I get it. It’s difficult to capture what an accomplished, kindhearted, brilliant, hardworking individual you are on an 8.5″ x 11″ sheet of paper.
How are you supposed to pick between including homecoming princess and earth club treasurer on your resume? And how exactly should you format the thing?
Whether you already have a resume or you’re building yours for the first time, the following seven quick tips will help you stand out amongst the stack.
1. Start from the top.
Just as you write your name at the top of every paper, you should also put your name at the top of your resume. The purpose of your resume is to showcase how fantastic you are, and your name is an important place to start. Make sure your name has a bigger font size than the rest of the document so it stands out.
2. Can I have your number?
Your contact information is almost as important as your name. As a college student, you should list both your present address (where you live on campus) and your permanent address (where you live back home). You should also list the best number to contact you at (probably your cell phone number) and an email account you check often (probably your campus email).
If an employer loves what he or she sees but can’t find how to contact you, they can’t call you back and tell you what an amazing intern you will make. Duh.
3. Formatting, formatting, formatting.
Few things in life are more sophisticated than a resume. Champagne, sure. Pearl earrings, maybe. But nothing is quite as elegant as a resume with consistent font, text sizes, margins and indentations. If you have to, print off your resume and use a ruler to make sure everything lines up. Not only does this make your resume look nicer, it also helps the eye transition from place to place smoothly and not get distracted.
Also, avoid using resume builders. Get inspiration from templates you find online, but don’t use one of the default Word options or use an online resume builder. These layouts are easily recognizable to employers, so use your resume as a way to showcase your design abilities.
4. Thou shalt not use “I.”
Action verbs are key. For your career experience and honors sections, think in terms of what you did. Using action verbs will help keep your sentences short and use phrases instead of long paragraphs. They will also help your experiences come to life. Try combining action verbs with facts and quantitative data (“expanded the newspaper staff by 20 percent”) to make your experiences even stronger.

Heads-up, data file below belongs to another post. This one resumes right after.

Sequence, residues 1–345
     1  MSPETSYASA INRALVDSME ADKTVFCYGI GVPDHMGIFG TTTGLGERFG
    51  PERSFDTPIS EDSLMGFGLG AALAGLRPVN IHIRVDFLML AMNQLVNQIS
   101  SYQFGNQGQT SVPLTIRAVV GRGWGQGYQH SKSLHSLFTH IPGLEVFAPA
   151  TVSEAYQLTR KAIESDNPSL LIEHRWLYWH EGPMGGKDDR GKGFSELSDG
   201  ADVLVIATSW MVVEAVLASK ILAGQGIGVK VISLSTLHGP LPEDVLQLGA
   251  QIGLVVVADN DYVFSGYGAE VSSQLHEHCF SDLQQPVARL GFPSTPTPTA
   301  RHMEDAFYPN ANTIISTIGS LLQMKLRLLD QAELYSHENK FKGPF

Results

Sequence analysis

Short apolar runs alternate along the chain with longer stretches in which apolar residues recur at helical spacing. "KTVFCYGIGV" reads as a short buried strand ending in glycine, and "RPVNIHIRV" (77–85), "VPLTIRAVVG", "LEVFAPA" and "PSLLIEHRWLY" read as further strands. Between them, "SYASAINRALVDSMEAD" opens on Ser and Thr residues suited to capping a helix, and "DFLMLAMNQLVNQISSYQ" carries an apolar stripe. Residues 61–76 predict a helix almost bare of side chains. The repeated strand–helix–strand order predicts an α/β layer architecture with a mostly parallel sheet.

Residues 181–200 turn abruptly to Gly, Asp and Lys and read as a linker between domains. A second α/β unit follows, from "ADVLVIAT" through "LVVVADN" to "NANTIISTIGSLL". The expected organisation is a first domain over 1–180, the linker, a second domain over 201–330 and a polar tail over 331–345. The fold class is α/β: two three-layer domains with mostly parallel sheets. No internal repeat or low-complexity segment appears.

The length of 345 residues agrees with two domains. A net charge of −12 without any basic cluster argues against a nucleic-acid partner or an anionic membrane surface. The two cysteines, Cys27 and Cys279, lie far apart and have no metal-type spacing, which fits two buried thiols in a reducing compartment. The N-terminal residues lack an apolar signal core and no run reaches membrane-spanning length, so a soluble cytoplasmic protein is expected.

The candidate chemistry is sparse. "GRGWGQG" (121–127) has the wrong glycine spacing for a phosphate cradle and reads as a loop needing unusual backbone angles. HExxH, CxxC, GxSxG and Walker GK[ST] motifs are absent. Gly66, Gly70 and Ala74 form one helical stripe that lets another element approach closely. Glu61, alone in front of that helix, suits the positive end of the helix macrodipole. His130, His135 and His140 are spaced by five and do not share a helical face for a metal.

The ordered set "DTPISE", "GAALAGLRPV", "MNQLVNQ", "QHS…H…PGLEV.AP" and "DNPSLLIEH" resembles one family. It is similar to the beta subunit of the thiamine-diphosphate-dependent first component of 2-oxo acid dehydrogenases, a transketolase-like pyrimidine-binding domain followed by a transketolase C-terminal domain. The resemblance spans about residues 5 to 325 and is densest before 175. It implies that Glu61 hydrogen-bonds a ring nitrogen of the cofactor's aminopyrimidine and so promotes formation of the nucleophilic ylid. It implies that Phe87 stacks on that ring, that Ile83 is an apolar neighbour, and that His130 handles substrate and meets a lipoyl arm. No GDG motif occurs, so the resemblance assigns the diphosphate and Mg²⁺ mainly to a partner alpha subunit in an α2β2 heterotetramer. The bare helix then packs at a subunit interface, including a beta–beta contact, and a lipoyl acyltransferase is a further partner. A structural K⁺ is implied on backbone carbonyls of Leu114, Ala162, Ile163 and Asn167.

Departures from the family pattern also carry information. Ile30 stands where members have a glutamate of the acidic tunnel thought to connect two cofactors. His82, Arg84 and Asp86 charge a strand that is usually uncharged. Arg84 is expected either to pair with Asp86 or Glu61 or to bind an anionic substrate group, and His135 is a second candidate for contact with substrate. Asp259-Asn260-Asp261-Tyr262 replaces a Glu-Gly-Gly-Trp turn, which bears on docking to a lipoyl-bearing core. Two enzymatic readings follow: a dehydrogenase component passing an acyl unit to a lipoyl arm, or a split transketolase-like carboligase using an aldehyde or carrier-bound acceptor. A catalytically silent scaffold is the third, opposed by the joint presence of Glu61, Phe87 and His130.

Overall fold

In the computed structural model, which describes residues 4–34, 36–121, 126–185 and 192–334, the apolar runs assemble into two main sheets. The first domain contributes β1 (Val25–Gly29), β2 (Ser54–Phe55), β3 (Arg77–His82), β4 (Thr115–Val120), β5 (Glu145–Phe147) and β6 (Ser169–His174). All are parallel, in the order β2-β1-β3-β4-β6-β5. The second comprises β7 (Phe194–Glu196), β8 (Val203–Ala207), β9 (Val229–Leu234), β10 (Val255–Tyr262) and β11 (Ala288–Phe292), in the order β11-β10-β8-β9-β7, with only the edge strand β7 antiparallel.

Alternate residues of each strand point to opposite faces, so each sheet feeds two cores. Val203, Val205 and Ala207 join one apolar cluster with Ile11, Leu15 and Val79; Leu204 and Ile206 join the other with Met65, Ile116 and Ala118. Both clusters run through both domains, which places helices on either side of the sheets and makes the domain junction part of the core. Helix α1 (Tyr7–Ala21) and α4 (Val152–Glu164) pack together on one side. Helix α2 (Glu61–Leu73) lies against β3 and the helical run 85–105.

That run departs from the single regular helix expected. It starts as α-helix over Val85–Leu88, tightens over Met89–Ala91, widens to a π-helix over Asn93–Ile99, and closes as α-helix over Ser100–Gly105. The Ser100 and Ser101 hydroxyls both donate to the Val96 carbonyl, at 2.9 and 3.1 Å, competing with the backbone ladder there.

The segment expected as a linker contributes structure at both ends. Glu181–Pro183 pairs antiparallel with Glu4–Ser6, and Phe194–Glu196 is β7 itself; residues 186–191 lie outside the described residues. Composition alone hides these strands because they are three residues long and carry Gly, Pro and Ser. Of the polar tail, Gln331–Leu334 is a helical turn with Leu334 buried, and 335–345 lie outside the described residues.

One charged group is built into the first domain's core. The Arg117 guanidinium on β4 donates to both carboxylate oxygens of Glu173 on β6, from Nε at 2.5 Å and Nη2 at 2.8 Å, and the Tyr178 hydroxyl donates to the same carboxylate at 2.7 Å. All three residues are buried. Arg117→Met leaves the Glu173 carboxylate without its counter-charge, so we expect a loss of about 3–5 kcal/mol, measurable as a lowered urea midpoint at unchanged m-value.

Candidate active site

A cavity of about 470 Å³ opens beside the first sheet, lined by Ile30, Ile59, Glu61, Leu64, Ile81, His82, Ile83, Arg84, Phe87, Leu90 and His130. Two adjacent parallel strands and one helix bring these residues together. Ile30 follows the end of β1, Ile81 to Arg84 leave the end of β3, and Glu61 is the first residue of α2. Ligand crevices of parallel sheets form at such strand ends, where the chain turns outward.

Examples of action verbs to get you started include: analyzed, assisted, conducted, coordinated, designed, distributed, edited, excelled, featured, focused, generated, helped, improved, instructed, judged, launched, maintained, motivated, negotiated, observed, organized, planned, programmed, recruited, represented, selected, strengthened, trained, translated, updated, verified.
5. Turn “activities” to career experience.
Once you’re in college, you should drop off most of your high school extracurriculars unless they correlate with the internship or job you’re searching for. Although it’s awesome that you were a spring choir volunteer, it’s best to highlight specific experiences that translate to what you want to do. For example, use “wrote news and entertainment articles for high school student newspaper” under “journalism career experience,” not just activities. Especially if you’re an underclassman, keeping some of this high school experience will beef up your resume and showcase dedication to your field of study.
6. Proofread. Lots.
It’s pretty distracting when you find a typo in an article, and a typo on your resume is no different. Don’t just rely on computer checking systems to make sure your spelling and grammar is correct. Read it yourself multiple times, and also reach out to your peers and professors for help on improving and proofreading your resume.
7. Update frequently.
If you run into a girl at a coffee shop who literally has your dream job and asks you to send your resume to her, you want to have a polished, updated version on hand. Each time you obtain a new position or every six months (whichever comes first), sit down and look over your resume to make sure it’s ready to go whenever you need it.